NEW YORK (AP) _ One of four teen-agers wounded in the so-called ''subway vigilante'' case said he and his friends were on their way to rob video games at the time of the shooting, and had no plans to hold up the gunman.

Meanwhile, the mother of the most seriously wounded teen-ager said she harbors no hard feelings against the man accused in the incident.

The youths were shot Dec. 22 as they rode a subway train in lower Manhattan. Bernhard Goetz, 37, who is charged with attempted murder in the shootings, has won broad support from the public.

Barry Allen, 19, told the Washington Post that the youths were going downtown to break into video arcade game machines when one of the four simply asked Goetz for $5, much like a panhandler.

''We wasn't planning on robbing him,'' Allen said. ''We had no intention of robbing him. ... Only one person approached him. He had no reason to be scared.''

Allen, who in today's editions of the Post described his life as a high school dropout, cocaine addict and unwed father who served two short jail terms for petty larceny, said Tony Canty had asked the gunman for the money to play video games.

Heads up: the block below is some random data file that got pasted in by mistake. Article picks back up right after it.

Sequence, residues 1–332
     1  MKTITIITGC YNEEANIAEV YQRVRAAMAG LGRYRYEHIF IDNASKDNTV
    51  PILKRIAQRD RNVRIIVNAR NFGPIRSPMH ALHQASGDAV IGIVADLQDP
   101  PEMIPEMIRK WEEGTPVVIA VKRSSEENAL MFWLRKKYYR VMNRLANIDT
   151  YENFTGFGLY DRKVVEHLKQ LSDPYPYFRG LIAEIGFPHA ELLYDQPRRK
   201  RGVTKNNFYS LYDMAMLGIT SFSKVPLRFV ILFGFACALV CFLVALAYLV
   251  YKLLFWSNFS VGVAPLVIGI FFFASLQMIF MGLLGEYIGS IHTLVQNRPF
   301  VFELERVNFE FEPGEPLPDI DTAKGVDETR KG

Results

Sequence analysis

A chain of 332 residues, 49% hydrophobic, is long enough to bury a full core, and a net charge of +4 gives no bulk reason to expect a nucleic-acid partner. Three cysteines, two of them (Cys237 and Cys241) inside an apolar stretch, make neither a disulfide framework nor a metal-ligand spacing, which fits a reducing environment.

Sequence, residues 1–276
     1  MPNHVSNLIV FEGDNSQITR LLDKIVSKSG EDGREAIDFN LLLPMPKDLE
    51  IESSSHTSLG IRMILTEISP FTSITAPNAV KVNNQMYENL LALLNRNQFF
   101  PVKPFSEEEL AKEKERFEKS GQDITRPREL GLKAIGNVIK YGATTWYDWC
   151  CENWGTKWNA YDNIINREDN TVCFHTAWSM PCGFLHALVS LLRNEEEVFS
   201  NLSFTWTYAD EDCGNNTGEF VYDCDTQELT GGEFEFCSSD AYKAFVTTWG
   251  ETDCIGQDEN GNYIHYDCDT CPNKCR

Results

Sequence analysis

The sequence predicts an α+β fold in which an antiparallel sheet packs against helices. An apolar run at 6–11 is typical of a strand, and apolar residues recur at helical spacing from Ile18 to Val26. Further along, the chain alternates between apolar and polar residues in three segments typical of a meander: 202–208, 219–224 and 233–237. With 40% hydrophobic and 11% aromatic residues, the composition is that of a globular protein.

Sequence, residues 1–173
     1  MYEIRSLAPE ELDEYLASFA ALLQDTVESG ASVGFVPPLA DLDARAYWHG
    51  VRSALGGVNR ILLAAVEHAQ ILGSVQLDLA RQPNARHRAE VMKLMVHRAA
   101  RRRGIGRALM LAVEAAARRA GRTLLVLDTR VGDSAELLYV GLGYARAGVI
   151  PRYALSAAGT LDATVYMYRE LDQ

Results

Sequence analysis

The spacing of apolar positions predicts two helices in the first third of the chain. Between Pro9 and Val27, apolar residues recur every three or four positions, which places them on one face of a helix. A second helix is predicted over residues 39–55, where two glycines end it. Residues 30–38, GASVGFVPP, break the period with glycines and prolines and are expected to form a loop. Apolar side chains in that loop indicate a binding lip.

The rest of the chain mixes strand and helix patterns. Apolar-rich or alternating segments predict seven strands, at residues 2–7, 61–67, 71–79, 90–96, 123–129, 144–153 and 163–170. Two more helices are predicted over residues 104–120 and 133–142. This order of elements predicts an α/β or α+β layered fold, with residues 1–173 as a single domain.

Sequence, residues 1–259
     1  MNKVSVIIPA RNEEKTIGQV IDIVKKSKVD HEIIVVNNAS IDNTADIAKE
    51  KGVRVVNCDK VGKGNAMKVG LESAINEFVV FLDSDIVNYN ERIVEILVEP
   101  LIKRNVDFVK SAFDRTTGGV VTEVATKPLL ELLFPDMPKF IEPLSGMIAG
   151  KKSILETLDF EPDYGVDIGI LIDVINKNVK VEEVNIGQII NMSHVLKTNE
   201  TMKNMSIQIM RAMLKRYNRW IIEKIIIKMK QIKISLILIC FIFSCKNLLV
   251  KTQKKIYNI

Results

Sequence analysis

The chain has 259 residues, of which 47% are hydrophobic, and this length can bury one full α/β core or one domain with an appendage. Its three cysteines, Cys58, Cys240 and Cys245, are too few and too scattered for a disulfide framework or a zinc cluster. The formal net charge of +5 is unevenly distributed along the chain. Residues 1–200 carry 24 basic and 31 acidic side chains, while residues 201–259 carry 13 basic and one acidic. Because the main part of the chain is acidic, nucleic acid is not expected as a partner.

According to Allen, the man replied, ''I'll give it to you'' but ''pulled out a gun and started shooting. I tried to run. People started screaming.''

''That man ain't no hero. That man took the law into his own hands, man. He got to be punished,'' said Allen.

Howard R. Meyer, Canty's attorney, maintained two screwdrivers Canty was carrying at the time were not weapons.

''My guy never had crimes against individuals,'' said Meyer. ''He puts holes in video machines, not in people.''

Meanwhile, Shirley Cabey said Thursday she holds ''no hard feelings'' against the man who shot her son. Her son, Darryl Cabey, 19, was paralyzed from the waist down in the shootings and slipped into a coma Wednesday. He was the only one of the four victims still hospitalized.

But Mrs. Cabey said one of the most upsetting aspects of the incident has been the public's support for Goetz.

''It's hard for me to know how people feel, knowing how this man has hurt my boy,'' she said. ''He is paralyzed now and just lying there.

''Two wrongs don't make a right,'' said Mrs. Cabey before she went to St. Vincent's Hospital, where her son was listed in critical condition.

Cabey, just before slipping into the coma, apologized to his mother, the New York Post reported today.

Holding her hand, he told her, ''I'm sorry, Mom. I shouldn't have been there.''

Mrs. Cabey said she and her other five children have drawn strength from people who call and write them.

But, she said, one man wrote her son, ''you get no sympathy from us peace- loving, law-abiding blacks. We will even contribute to support the guy who taught you a lesson, every way we can... P.S. I hope your wheelchair has a flat tire.''